From the incredible director Ava DuVernay comes this moving, thought-provoking flick that garnered Oscar nominations for Best Picture and won Best Original Song (an absolute banger from John Legend and Common). The plot of Selma draws inspiration from the life and death of Martin Luther King Jr. played by David Oyelowo. The movie centres on King's campaign to secure equal voting rights for people of color, resulting in the historic march from Selma to Montgomery in Alabama in the 60s. Selma offers a raw look into how far the civil rights movement has come and how much further, we as a society have to go.
From Oscar-nominated director Lee Daniels, The Paperboy is based on Pete Dexter's 1995 novel of the same name. The flick takes place in Florida's bayou in the 60s, where investigative reporter Ward Jansen (Matthew McConaughey) returns to his hometown with his partner Yardley Acheman (David Oyelowo) to report on a career-changing story. With the help of Jansen’s younger brother Jack (Zac Efron) and kooky groupie Charlotte Bless (Nicole Kidman), the duo tries to prove that creepy swamp-dweller Hillary Van Wetter (John Cusack) was framed for murder. The victim? The town’s corrupt sheriff. We’re not going to lie, this one is a bit dark, a bit twisted, but the stellar, all-star cast makes it worth a watch.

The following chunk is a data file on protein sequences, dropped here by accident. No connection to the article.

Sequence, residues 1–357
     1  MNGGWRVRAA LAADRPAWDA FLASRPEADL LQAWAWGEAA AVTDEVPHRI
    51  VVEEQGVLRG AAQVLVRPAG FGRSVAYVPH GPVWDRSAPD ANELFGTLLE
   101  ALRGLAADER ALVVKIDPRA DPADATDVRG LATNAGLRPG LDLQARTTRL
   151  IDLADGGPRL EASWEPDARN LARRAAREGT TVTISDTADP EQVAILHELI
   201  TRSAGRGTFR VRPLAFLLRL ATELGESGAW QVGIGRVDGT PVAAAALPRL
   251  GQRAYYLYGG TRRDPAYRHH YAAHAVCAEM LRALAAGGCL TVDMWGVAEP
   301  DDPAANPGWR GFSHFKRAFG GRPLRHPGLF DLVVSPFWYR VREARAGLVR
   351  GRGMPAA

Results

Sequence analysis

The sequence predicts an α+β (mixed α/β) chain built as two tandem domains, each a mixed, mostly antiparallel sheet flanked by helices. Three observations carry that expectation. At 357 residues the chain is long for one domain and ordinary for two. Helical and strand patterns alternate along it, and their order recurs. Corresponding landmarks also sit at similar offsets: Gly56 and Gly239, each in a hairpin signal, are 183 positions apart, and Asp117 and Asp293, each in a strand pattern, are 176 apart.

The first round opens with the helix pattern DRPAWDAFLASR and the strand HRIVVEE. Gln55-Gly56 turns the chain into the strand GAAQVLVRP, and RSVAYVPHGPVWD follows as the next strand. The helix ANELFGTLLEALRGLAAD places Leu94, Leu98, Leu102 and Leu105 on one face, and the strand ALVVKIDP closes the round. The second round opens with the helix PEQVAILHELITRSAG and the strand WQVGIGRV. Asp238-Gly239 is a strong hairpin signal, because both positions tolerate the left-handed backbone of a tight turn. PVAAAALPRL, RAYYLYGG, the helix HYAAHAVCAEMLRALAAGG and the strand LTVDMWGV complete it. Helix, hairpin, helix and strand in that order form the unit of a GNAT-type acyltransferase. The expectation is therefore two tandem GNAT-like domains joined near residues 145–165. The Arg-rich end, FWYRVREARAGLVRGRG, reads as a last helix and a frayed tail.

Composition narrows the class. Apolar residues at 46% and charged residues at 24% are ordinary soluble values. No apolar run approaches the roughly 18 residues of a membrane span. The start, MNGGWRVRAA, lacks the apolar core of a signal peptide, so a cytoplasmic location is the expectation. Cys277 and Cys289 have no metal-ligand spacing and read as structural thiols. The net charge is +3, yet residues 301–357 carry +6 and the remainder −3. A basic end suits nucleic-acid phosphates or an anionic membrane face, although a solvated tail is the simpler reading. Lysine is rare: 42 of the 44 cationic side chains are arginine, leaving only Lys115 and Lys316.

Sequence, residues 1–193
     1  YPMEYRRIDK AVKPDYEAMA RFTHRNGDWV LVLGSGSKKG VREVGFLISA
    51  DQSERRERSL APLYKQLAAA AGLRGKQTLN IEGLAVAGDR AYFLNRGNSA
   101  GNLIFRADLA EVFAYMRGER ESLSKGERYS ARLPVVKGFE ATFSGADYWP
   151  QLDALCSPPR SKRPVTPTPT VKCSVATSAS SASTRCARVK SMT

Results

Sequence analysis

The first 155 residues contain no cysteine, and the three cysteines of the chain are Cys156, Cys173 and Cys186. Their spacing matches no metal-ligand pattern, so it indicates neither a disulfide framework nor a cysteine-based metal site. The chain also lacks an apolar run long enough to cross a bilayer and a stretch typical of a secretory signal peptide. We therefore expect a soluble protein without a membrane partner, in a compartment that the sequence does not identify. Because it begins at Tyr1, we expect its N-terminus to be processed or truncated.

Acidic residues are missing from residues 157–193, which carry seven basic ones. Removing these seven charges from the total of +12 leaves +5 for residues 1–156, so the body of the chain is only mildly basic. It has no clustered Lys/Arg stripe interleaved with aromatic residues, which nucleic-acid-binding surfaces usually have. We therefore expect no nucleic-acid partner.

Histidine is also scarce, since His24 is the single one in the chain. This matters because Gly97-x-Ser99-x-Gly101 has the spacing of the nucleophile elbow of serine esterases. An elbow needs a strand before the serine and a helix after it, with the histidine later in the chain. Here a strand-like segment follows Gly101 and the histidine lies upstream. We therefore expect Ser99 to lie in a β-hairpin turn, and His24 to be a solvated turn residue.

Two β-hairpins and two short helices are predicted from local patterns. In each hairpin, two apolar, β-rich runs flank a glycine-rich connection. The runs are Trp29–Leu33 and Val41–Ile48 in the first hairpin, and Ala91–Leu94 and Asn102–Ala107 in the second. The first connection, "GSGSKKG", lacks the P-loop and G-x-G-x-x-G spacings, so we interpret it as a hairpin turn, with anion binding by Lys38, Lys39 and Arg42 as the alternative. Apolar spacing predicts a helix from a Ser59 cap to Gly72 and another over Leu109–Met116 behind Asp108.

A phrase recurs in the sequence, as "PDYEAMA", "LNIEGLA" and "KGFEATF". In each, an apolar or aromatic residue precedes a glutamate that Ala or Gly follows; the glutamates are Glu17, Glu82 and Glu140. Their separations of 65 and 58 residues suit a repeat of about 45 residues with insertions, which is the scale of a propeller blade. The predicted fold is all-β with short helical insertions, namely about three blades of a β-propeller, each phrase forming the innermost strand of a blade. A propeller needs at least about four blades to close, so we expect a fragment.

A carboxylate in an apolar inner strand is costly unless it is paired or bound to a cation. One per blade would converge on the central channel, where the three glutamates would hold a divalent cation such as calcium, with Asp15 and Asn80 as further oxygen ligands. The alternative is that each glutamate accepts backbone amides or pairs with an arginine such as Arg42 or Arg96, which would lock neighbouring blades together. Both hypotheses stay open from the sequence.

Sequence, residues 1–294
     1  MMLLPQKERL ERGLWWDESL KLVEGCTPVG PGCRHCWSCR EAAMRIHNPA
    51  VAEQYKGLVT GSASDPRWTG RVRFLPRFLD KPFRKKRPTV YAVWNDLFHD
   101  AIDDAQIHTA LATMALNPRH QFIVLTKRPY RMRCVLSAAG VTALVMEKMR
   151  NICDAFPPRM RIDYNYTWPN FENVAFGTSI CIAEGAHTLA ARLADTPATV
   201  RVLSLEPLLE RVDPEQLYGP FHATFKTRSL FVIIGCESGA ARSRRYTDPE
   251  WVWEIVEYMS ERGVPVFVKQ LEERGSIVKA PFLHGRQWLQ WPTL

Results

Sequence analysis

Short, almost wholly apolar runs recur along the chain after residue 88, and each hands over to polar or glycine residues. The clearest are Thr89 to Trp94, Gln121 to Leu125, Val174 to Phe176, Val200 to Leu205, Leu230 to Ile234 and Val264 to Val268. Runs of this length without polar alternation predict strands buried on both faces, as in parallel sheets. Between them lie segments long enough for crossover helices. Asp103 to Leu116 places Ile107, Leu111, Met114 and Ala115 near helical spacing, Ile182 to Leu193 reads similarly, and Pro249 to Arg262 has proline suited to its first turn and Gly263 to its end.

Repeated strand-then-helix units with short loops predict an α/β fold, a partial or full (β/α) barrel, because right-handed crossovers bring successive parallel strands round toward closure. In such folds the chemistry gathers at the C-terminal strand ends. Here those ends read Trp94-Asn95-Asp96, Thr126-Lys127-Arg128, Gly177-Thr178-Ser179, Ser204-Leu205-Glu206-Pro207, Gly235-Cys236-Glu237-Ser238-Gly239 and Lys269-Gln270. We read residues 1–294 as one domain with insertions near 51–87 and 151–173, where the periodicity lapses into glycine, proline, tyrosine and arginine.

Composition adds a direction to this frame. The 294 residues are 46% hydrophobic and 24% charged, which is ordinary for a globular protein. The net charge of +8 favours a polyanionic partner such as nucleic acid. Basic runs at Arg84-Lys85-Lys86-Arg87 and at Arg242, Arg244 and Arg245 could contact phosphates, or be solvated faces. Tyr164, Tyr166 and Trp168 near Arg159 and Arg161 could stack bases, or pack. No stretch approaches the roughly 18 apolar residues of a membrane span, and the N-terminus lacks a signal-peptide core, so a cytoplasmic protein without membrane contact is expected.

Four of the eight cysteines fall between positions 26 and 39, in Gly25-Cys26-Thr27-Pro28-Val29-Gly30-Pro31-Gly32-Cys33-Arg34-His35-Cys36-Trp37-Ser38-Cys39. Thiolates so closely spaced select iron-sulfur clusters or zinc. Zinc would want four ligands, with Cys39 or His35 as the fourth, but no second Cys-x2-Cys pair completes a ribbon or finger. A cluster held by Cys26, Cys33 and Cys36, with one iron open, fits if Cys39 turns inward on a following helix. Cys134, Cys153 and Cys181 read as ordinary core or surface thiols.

If you're a sucker for a romantic drama then put this beauty to the top of your list. Based on the novel of the same name, Brooklyn tells the story of Eilis Lacey (played by the incredible Saoirse Ronan) a young Irish woman who in the 1950s emigrates to Brooklyn, New York in search of a new life. At first homesick for her home town of Enniscorthy, she soon finds work at a local department store, begins night school and falls in love with a cheeky Italian plumber called Tony. But when tragedy strikes back home, Eilis returns and is torn between her new life in New York and her family in Ireland. Yes, you’ll need tissues and yes you’ll want to book a holiday to Ireland stat.